Renal Toxicity with Sevoflurane: A Storm in a Teacup?

Gentz, B.A.; Malan, T.P.J.
December 2001
Drugs;Dec2001, Vol. 61 Issue 15, p2155
Academic Journal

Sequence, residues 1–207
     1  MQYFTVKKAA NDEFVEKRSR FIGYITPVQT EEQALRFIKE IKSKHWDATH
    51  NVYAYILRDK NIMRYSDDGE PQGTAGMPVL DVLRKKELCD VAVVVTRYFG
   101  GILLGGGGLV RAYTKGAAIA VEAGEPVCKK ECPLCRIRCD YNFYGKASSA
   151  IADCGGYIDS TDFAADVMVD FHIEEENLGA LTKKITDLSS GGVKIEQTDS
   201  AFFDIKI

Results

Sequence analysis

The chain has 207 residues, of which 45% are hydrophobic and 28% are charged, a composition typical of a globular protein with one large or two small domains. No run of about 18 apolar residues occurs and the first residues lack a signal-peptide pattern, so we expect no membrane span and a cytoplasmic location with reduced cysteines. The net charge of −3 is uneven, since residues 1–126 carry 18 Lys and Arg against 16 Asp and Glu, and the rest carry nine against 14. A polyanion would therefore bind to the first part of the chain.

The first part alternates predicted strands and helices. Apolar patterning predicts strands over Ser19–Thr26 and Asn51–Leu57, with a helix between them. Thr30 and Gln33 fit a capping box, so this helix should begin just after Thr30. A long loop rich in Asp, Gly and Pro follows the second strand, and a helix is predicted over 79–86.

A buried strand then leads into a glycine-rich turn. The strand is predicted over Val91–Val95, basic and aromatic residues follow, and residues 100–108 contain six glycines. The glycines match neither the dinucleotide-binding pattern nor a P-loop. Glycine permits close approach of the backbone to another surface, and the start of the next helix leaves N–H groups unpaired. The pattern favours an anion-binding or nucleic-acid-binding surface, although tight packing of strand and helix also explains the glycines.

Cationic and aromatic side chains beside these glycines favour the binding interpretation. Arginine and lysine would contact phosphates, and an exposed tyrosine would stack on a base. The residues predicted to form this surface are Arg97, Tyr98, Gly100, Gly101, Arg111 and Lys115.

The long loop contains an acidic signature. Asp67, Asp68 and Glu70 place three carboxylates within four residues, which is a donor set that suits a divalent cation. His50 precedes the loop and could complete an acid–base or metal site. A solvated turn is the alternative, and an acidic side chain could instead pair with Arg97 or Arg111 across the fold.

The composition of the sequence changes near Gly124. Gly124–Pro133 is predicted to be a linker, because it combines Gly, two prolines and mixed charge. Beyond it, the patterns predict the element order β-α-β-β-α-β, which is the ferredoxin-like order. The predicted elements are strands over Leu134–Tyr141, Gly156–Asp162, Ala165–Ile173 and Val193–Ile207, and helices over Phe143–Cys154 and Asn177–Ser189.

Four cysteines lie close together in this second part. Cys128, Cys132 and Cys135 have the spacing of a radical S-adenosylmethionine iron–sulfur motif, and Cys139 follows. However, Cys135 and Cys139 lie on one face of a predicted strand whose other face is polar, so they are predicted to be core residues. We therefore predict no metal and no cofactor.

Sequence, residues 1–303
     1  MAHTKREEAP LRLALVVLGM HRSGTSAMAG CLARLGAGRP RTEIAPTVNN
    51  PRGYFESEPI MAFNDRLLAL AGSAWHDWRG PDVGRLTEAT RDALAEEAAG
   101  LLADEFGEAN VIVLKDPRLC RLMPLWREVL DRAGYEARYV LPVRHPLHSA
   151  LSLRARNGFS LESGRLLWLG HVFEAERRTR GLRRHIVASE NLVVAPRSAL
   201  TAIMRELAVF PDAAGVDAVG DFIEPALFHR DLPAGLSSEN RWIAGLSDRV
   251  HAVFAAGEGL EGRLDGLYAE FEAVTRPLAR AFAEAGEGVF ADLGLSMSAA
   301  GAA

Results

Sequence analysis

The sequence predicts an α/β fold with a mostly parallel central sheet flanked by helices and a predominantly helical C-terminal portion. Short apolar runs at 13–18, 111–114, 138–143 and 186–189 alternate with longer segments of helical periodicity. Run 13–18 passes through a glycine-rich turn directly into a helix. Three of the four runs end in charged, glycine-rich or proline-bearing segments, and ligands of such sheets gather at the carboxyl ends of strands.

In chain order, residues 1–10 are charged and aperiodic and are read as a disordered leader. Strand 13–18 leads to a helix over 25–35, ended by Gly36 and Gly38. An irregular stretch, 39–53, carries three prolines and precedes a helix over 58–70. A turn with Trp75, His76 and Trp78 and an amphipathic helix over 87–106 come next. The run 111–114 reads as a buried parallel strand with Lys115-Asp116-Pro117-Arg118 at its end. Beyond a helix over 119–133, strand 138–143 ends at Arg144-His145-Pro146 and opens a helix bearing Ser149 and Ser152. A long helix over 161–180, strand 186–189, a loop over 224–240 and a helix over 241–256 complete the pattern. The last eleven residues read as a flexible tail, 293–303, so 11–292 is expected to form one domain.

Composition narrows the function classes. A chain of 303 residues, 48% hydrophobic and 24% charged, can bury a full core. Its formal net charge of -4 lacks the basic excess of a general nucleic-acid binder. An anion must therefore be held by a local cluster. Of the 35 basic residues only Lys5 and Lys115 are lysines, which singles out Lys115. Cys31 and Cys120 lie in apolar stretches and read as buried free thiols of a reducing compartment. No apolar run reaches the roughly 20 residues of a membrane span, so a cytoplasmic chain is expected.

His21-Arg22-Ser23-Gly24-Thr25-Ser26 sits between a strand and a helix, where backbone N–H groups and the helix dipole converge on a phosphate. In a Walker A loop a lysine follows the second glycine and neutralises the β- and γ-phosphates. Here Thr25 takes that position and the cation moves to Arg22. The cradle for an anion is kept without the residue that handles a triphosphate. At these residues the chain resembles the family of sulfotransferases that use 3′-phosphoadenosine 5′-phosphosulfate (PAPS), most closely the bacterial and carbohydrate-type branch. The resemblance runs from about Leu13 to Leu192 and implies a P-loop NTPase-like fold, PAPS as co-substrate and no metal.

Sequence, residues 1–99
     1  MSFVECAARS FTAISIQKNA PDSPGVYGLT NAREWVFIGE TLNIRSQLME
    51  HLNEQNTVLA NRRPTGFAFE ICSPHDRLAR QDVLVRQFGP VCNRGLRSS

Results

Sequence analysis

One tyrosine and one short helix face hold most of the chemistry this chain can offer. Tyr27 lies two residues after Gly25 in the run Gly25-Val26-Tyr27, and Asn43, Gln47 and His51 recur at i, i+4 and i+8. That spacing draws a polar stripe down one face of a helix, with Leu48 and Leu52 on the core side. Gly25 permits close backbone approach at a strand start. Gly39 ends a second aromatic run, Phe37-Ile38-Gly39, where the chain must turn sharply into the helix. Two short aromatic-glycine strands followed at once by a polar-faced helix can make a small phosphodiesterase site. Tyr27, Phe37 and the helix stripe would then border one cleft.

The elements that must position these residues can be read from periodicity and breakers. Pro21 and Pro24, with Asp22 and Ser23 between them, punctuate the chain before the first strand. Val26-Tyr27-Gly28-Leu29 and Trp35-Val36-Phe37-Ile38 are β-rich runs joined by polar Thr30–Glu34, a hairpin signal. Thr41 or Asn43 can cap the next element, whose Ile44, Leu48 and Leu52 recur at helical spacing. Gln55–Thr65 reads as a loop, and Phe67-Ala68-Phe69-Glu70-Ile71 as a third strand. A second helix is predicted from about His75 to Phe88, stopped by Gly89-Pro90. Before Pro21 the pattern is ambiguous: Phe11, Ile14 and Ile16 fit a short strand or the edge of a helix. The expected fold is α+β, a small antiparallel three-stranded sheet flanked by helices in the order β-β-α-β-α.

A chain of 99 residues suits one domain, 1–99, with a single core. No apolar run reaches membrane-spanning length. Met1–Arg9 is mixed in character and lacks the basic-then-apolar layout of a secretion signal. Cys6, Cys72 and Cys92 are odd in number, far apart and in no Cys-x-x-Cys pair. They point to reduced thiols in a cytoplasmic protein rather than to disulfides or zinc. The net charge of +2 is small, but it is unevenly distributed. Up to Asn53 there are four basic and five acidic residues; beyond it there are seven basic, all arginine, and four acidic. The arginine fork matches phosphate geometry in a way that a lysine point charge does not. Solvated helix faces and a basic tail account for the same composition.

The inhaled anaesthetic sevoflurane is metabolised into two products that have the potential to produce renal injury. Fluoride ions are produced by oxidative defluorination of sevoflurane by the cytochrome P450 system in the liver. Until recently, inorganic fluoride has been thought to be the aetiological agent responsible for fluorinated anaesthetic nephrotoxicity, with a toxic concentration threshold of 50 μmol/L in serum. However, studies of sevoflurane administration in animals and humans have not shown evidence of fluoride-induced nephrotoxicity, despite serum fluoride concentrations in this range. Compound A (fluoromethyl-2,2-difluoro-1-[trifluoromethyl] vinyl ether) is a breakdown product of sevoflurane produced by its interaction with carbon dioxide absorbents in the anaesthesia machine. The patient then inhales compound A. Compound A produces evidence of transient renal injury in rats. The mechanism of compound A renal toxicity is controversial, with the debate focused on the role of the renal cysteine conjugate β-lyase pathway in the biotransformation of compound A. The significance of this debate centres on the fact that the β-lyase pathway is 10- to 30-fold less active in humans than in rats. Therefore, if biotransformation by this pathway is responsible for the production of nephrotoxic metabolites of compound A, humans may be less susceptible to compound A renal toxicity than are rats. In three studies in human volunteers and one in surgical patients, prolonged (8-hour) sevoflurane exposures and low fresh gas flow rates resulted in significant exposures to compound A. Transient abnormalities were found in biochemical markers of renal injury measured in urine. These studies suggested that sevoflurane can result in renal toxicity, mediated by compound A, under specific circumstances. However, other studies using prolonged sevoflurane administration at low flow rates did not find evidence of renal injury. Finally, there are substantial data to document the safety of sevoflurane administered for shorter durations or at higher fresh gas flow rates. Therefore, the United States Food and Drug Administration recommends the use of sevoflurane with fresh gas flow rates at least 1 L/min for exposures up to 1 hour and at least 2 L/min for exposures greater than 1 hour. We believe this is a rational, cautious approach based on available data. However, it is important to note that other countries have not recommended such limitations on the clinical use of sevoflurane and problems have not been noted.


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